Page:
Thursday, March 29, 2018

An Agent's Inbox #2

Dear Mystery Agent,

The weather changes fast in Colorado, especially if something (or someone) is controlling it.

On the day twelve-year-old Hazel Jones was born, massive tidal waves and tsunamis devastated Earth. Growing up in the wrecked world, Hazel spends her days jerry-rigging broken farm equipment, scavenging through abandoned houses, weeding never-ending rows of potatoes and wondering what could have destroyed the world. But her family and friends are tired of her endless, unanswerable questions.

When a raging wild fire threatens their Colorado homestead, Hazel’s father takes her to a hidden shed where he uses a weather-controlling machine called the SnowMaker to create an enormous rainstorm and douse the flames. Hazel presses her dad about the origin of this mysterious machine, but he’s reluctant to tell her the truth. Until they find themselves in the middle of a ferocious weather war with the man who originally owned the SnowMaker.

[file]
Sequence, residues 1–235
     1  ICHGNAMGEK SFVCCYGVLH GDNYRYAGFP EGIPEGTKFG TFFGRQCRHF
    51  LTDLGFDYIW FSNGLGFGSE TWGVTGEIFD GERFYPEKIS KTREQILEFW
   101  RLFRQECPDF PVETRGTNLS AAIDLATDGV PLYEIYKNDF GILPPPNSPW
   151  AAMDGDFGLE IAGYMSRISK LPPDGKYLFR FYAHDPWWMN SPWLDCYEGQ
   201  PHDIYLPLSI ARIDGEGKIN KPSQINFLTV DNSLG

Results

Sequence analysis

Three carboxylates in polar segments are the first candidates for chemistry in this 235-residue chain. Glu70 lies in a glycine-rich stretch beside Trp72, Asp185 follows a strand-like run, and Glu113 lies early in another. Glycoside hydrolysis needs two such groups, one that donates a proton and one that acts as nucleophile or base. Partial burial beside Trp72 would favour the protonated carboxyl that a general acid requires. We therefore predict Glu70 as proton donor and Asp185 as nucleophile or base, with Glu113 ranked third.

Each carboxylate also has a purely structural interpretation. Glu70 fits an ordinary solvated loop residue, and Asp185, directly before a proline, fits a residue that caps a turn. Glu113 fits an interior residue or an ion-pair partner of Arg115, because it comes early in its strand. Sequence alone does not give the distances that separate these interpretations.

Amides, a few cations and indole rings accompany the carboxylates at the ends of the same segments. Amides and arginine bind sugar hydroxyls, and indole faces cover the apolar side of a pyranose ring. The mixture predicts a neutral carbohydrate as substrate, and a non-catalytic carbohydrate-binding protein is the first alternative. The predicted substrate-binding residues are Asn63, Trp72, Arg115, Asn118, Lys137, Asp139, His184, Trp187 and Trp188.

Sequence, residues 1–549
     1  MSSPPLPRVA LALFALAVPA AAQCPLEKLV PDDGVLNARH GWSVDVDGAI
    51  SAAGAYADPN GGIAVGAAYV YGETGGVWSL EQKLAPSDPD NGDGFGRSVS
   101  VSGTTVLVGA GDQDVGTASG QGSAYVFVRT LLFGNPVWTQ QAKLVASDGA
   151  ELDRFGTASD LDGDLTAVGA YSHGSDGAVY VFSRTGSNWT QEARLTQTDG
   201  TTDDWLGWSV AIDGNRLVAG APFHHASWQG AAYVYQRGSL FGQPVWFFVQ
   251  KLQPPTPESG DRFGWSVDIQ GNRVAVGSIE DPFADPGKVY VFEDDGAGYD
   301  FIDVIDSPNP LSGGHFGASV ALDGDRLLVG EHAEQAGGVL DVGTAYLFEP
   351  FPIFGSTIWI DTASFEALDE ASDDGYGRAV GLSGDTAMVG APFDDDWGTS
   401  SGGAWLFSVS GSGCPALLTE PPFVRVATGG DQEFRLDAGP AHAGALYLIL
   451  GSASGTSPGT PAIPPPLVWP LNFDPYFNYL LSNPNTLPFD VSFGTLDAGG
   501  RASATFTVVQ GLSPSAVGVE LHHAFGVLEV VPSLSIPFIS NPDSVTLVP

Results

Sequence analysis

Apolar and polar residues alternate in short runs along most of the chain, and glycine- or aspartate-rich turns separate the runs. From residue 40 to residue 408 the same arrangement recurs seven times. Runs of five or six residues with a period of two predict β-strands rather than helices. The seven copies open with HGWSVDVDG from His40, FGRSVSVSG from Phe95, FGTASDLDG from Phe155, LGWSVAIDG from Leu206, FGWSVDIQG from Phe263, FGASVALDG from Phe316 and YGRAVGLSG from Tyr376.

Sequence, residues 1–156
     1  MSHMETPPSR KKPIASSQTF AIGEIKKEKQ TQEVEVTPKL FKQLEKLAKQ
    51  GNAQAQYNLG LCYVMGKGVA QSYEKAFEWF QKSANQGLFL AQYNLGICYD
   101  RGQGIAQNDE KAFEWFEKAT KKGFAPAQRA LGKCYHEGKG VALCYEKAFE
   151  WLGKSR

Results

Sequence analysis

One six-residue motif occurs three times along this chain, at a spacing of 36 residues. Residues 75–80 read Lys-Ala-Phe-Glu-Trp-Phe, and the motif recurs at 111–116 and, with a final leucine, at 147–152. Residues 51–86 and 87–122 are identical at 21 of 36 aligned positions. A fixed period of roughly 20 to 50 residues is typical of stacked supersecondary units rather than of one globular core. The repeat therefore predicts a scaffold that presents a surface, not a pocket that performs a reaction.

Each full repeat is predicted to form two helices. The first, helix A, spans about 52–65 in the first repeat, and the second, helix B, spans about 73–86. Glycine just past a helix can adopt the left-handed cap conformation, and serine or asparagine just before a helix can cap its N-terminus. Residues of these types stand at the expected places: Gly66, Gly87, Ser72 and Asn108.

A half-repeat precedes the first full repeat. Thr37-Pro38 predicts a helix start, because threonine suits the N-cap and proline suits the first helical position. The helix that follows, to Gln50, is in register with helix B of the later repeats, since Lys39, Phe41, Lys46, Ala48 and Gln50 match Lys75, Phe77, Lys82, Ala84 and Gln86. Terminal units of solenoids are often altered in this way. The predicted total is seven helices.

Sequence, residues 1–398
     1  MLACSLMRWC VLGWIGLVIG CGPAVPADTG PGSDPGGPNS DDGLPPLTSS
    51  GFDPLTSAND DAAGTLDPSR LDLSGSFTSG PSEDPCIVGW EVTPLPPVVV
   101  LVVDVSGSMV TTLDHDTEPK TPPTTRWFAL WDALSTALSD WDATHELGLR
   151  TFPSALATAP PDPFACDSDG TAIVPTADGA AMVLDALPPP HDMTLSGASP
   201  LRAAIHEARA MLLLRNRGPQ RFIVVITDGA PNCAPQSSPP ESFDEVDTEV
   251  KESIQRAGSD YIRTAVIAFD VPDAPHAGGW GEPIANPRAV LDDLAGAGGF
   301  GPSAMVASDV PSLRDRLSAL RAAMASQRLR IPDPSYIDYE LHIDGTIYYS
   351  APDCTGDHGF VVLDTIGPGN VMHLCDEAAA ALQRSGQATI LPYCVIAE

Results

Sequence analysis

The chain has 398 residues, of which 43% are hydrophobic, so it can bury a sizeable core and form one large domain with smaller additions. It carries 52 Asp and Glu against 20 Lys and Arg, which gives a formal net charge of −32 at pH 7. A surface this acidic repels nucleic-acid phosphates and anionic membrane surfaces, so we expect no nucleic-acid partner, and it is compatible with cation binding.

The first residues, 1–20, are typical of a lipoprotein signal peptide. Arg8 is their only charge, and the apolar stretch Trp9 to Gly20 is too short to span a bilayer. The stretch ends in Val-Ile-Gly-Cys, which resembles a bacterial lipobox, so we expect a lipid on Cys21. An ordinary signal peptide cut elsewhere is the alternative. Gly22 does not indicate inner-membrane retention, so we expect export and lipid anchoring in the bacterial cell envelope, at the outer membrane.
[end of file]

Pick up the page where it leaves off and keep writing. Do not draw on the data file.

There isn’t time for more questions, their homestead, crops and orchards are at stake. If Hazel can't keep up a protective defense against the artificial rain, hail, and wind attacks, she will have to make a new plan. It’s time for an avalanche-style offensive to bury her enemy.

SNOWMAKER is an upper middle grade climate fiction, complete at 54,000 words. Readers who enjoy books like SKY JUMPERS by Peggy Eddleman, PARCHED by Melanie Crowder, or MacGyver's duct-tape-chewing-gum-solutions will also be entertained by SNOWMAKER.

I am a freelance writer and a member of SCBWI and Northern Colorado Writers. My work has appeared in Sierra Trading Post, Mamalode, Flash Fiction Online, Advice from Nature and local publications. My short story ‘Double Yellow’ received honorable mention awards from Glimmer Train and Molotov Cocktail and I’m currently writing it into a novel.

Thank you for your time and consideration,
H.C.


SNOWMAKER

Hazel leaned on the overturned car to catch her breath. “What’s it stuck on?”

“Think it’s that side mirror?” Britt pointed and stretched her shoulders.

Jess jogged to the back of the pick-up truck. Parched grass crunched under her boots. She returned with a baseball bat. "Who wants first swing?"

Britt said, “Hazel should take it. Maybe her birthday luck will outweigh the broken-mirror-bad luck she’s about to unleash.”